One material that is – and always has been – environmentally friendly is wood. North America has an abundance of forests with beautiful woods used to craft high quality furniture, such as custom wood countertops. North American Wood Countertops are made from responsibly harvested wood that is harvested, replanted, and renewed to an almost limitless degree.
North American Wood Countertops
Below are some of the most popular North American wood species used for countertops designed for use as kitchen countertops.
Cherry makes up 3% of the commercially available hardwoods in the United States. It is prominently used to craft high end furniture and cabinetry worldwide.
Ash makes up 4% of the commercially available hardwoods in the U.S. It is best known as the wood used to craft baseball bats due to its shock absorbency, but it is also used for furniture, flooring, cabinetry and other millwork.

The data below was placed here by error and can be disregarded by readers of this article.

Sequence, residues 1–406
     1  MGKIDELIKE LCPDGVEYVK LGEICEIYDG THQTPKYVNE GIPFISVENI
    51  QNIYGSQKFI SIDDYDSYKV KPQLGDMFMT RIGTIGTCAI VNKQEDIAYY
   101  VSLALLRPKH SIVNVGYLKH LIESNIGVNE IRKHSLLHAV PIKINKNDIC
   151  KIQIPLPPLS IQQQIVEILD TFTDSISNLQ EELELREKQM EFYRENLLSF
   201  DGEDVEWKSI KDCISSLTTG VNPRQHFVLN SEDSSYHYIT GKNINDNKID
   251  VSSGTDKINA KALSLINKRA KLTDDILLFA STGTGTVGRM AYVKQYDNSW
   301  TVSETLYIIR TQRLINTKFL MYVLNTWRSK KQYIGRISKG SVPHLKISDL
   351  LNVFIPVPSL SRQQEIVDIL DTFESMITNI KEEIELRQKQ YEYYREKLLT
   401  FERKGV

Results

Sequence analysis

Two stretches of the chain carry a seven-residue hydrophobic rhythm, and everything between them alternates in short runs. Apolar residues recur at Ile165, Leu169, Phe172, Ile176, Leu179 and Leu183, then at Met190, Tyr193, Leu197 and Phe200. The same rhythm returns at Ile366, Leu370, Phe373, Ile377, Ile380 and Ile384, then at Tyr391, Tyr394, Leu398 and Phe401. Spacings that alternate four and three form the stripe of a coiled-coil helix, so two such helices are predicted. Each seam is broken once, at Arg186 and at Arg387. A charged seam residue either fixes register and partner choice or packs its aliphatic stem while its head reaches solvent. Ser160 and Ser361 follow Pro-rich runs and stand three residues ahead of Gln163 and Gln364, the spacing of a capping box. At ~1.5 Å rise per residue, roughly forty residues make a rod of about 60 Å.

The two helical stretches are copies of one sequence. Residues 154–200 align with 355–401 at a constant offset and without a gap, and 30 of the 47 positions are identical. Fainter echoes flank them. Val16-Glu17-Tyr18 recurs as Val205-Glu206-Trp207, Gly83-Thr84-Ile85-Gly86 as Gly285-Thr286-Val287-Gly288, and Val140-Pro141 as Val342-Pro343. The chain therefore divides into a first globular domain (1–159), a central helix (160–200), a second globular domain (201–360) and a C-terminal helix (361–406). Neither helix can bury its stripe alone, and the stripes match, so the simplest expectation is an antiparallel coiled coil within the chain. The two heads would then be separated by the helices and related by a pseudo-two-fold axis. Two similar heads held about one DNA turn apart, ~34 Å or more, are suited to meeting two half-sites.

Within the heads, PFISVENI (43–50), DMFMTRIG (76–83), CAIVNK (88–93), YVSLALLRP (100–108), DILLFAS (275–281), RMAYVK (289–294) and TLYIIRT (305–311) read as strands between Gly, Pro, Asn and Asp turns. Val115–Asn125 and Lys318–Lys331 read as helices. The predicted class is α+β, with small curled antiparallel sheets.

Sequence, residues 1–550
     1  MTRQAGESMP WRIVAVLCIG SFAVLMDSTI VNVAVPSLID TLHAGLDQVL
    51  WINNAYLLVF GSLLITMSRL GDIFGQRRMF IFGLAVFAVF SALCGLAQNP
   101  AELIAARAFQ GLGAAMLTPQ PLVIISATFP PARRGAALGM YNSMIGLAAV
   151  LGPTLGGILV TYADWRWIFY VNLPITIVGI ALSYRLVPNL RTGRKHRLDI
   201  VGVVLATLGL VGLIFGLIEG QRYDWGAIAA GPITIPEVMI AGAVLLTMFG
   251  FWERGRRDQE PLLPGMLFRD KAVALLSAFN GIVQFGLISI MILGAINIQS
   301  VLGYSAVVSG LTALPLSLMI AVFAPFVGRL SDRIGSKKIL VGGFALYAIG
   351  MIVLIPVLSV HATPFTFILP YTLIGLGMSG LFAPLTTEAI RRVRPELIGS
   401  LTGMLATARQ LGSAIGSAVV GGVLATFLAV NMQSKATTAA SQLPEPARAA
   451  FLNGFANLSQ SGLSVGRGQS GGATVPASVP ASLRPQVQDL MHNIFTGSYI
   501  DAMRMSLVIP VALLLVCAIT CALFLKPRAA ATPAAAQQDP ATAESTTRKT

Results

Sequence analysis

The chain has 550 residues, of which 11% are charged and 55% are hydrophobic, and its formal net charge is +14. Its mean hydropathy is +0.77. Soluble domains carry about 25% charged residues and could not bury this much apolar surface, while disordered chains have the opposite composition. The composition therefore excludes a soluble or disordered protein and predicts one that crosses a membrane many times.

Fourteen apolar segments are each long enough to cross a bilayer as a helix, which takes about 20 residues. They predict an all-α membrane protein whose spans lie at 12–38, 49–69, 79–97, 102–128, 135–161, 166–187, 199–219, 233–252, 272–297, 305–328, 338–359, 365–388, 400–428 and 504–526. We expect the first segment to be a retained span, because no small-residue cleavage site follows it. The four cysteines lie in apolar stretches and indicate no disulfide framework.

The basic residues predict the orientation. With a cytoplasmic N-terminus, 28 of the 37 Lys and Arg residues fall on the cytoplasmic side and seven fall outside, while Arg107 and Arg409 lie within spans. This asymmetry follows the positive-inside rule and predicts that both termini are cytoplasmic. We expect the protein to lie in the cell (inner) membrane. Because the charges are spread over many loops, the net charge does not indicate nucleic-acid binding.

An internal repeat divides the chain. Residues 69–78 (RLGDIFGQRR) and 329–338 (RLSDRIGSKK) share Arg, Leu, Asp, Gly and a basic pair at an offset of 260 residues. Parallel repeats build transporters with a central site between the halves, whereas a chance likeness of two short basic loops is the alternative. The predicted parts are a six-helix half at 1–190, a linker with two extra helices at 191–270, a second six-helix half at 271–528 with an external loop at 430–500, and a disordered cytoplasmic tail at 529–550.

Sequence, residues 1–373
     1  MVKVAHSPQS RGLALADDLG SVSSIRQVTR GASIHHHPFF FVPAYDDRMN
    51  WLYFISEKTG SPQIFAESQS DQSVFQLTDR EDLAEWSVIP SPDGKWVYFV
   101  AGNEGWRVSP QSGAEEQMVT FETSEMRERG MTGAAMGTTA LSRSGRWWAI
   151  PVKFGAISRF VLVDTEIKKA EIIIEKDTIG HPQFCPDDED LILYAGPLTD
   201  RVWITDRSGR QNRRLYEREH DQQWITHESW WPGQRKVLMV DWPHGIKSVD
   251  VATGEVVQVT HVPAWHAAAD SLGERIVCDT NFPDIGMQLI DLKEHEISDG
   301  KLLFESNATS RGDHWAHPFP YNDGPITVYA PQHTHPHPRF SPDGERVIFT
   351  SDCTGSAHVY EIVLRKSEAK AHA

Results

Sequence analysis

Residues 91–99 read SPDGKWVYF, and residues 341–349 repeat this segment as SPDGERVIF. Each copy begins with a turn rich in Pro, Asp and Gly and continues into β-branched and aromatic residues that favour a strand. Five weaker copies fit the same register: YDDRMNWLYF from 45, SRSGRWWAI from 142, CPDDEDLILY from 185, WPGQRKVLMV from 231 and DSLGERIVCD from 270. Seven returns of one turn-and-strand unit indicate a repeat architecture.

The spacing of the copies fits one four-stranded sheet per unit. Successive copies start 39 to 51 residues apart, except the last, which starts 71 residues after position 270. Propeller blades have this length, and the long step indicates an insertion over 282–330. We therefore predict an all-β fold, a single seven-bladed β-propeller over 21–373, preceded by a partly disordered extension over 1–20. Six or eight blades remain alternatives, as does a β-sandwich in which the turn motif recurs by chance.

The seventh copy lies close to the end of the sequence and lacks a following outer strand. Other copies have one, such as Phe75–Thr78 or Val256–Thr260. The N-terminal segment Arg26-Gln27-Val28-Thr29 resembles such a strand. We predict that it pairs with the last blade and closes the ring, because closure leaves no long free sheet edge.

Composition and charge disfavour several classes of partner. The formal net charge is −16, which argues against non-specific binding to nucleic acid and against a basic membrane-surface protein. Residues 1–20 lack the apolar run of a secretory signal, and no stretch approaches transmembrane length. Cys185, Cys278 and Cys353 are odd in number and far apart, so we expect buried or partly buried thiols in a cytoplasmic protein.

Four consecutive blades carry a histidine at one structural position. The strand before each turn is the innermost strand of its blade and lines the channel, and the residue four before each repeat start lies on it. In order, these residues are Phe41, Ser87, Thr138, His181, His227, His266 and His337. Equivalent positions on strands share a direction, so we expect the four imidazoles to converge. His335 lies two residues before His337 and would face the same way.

Hard Maple makes up approximately 8% of the commercially available hardwoods in the United States, and is prevalent in the northern and eastern states.
A small percentage of maple trees produce special figure such as bird’s eye or curly maple, which is sought after for its visual interest and appeal. Hard maple is very heavy and strong and has a fine, uniform texture with a close, straight grain.
Walnut makes up less than 1% of the commercially available hardwoods and grows throughout the eastern U.S. Walnut is one of the most popular wood countertop choices for kitchens today.
White Oak trees grow across the eastern and southern U.S., comprising 15% of the commercially available hardwoods. White oak is used to make furniture, cabinets, flooring and millwork and is the preferred species for wine and whiskey casks.
To learn about more North American wood countertops and see other wood species available, visit the Grothouse Countertop Design Guide.
Source used: Northwest Hardwoods